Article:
Take the Port Saunders and Port au Choix route off the Viking Trail (Route 430). The Town of Port Saunders is 4 KM drive and take a left and travel Main Street. As you drive Main Street the road will fork and you turn left and drive to the end of the road where there is a parking and signage to begin the trail. You will also catch your first glimpse of Keppel Island.

As a resident of the Great Northern Peninsula, I never tire of the adventure and pure beauty that exists all around my home. There are beautiful windswept forests, ocean views, flowers, berries, unique rocks and coastlines that just stimulate the mind and want you to keep coming back for a swim, a picnic, a boat ride, a beach fire or just to experience in all weather days and in different seasons. Another impressive feature on this trail is the “Balancing Rock”.

It is really interesting to see a rock of this stature that is just hanging on the edge of the cliffs. One would think with all the wind that a rock such as that would topple to the ground. It is definitely a nice addition when walking this trail. There are also viewing areas, and several stairs.

Keppel Island is also a unique opportunity and the Town of Port Saunders has made several attempts to sell it for private sector development to further create jobs in the local economy. I know one thing for sure, I’m looking forward to future visits.

Get out and explore more of our Great Northern Peninsula. Crow Head Walking trail and that Sleeping Dragon is a must visit as part of your destination.

You can also visit more trail offerings by reading the following post.

Live Rural NL –

Christopher Mitchelmore

Hiking Adventures to Conche’s Glass Hole

Conche is at the heart of the French Shore and is home to a robust fishing community and a developing tourism industry that remains steadfast in promoting the region’s French connection. The Town’s sign says Welcome to Conche with the tag line, The Beauty Spot of the North. Beauty surrounds this community from the look-out at Sailor Jack’s Hill, the coastline of Crouse, from Sleepy Cove to the Stages, Fox Head, the waterfront, to one of the most impressive hiking experiences on the Great Northern Peninsula, known as the Glass Hole.

I’ve been to Conche so many times, but never ventured to the Glass Hole trail until this past summer. A 4 to 4.5 KM hike along the top of the cliffs of Conche, which takes you to a cavern in the heights of the cliffs. At the very bottom you are at the edge of the Atlantic Ocean. One can begin the journey by parking at the World War II plane crash memorial site. The first few hundred metres are a little steep until you get to Conche lookout. You will want to climb to the top and get views of Conche, but also the Grey Islands off in the distance. There is also a variety of wild flowers to enjoy as you trek.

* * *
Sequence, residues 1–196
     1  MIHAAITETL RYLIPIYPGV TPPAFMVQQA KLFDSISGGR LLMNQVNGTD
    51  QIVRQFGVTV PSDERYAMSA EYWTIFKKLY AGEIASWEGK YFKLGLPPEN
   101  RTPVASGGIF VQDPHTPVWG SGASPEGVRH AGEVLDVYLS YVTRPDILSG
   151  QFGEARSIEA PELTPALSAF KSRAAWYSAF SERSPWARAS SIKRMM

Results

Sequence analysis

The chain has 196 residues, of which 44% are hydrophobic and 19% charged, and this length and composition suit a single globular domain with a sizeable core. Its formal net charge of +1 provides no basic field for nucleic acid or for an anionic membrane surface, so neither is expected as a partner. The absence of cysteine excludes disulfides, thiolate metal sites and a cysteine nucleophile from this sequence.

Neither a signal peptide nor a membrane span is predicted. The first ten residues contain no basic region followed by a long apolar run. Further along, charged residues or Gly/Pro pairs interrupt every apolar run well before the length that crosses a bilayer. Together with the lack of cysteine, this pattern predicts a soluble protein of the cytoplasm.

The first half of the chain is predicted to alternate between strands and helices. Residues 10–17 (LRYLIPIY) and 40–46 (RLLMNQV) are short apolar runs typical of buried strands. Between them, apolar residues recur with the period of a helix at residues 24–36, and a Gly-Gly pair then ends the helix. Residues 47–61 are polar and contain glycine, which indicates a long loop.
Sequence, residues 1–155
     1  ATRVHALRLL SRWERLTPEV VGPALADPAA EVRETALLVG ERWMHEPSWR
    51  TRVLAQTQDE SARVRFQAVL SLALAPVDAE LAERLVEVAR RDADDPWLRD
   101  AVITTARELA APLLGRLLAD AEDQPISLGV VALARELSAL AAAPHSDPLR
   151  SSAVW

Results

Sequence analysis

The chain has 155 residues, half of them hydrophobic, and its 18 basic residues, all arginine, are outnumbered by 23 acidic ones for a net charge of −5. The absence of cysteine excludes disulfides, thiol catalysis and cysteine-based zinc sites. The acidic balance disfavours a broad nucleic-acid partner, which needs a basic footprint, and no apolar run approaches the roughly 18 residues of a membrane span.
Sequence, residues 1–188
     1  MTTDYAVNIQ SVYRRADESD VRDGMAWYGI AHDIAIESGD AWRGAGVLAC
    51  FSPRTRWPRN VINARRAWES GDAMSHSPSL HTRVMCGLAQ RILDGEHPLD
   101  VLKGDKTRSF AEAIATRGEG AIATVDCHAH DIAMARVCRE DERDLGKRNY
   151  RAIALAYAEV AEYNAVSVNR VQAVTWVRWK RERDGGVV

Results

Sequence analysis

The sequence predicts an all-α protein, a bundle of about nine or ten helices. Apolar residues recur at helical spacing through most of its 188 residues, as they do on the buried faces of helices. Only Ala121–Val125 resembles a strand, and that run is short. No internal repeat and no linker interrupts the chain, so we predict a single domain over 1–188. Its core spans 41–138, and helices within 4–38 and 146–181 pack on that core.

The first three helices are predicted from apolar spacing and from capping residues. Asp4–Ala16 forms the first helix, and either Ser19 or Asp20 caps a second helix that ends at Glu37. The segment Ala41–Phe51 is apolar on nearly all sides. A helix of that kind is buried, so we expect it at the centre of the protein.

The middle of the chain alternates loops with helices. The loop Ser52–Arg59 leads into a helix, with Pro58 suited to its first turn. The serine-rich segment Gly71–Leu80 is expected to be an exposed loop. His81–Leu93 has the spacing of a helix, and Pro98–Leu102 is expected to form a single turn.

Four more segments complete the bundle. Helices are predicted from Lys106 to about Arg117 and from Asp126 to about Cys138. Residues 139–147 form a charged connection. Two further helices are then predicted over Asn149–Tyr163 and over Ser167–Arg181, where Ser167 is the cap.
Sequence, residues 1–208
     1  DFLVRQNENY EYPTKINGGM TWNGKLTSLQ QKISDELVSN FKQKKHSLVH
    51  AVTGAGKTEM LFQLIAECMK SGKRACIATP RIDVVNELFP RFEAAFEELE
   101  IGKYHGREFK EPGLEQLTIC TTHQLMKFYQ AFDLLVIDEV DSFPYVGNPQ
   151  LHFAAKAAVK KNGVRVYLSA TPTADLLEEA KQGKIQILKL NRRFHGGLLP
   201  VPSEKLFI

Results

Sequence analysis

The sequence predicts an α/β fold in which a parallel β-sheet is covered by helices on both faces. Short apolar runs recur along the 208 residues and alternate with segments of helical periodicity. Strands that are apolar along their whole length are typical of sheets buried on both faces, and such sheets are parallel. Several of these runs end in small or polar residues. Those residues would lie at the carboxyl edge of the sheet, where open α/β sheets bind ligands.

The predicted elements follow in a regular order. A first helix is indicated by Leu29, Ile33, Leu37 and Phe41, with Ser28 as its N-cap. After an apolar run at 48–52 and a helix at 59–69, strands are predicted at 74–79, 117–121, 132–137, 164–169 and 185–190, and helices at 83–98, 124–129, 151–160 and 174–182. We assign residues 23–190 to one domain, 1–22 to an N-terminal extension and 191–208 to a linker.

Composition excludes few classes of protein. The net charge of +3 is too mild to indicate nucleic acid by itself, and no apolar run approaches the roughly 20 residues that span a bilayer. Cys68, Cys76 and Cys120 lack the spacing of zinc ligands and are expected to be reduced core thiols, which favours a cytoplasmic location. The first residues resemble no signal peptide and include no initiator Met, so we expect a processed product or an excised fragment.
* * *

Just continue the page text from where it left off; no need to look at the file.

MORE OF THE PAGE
Rating: Moderate Trail

Conche is currently not connected by cellular coverage, but that will change with a recent announcement that will bring the service to the community through a partnership with the Government of NL, Town of Conche and Bell Mobility. This will certainly make taking a hiking adventure that much safer and also allow you to use your Instagram or other social media to instantly share this remarkable beauty with the rest of the world. In the meantime plan your hiking adventures accordingly. I’ve had the great pleasure to work with residents of Conche to see much development, including the paving of Route 434. This improved access will help increase tour bus and visitor traffic into the community and the region. Conche and the entire Great Northern Peninsula East is poised to see more people visiting the region in the near future. This presents business opportunities for current and future operators to add services and experiences.

A walk through the paths in the forests, the views along the headlands, the beaches are just remarkable. You have the opportunity to bird watch, whale watch or see icebergs (in season) and truly enjoy nature. The trail could use some additional signage to highlight the distance and ensure you don’t stop short of actually experience what is the glass hole. There is a rope in which you have to take to scale down the incline to meet the North Atlantic ocean.

This is a must see destination trail when visiting the Great Northern Peninsula! Your hiking adventure to the Glass Hole in 2021 awaits! Start planning for your unique French Shore experience today.

Learn more about the Great Northern Peninsula’s trails by clicking here.

Live Rural NL –

Christopher Mitchelmore

%d bloggers like this: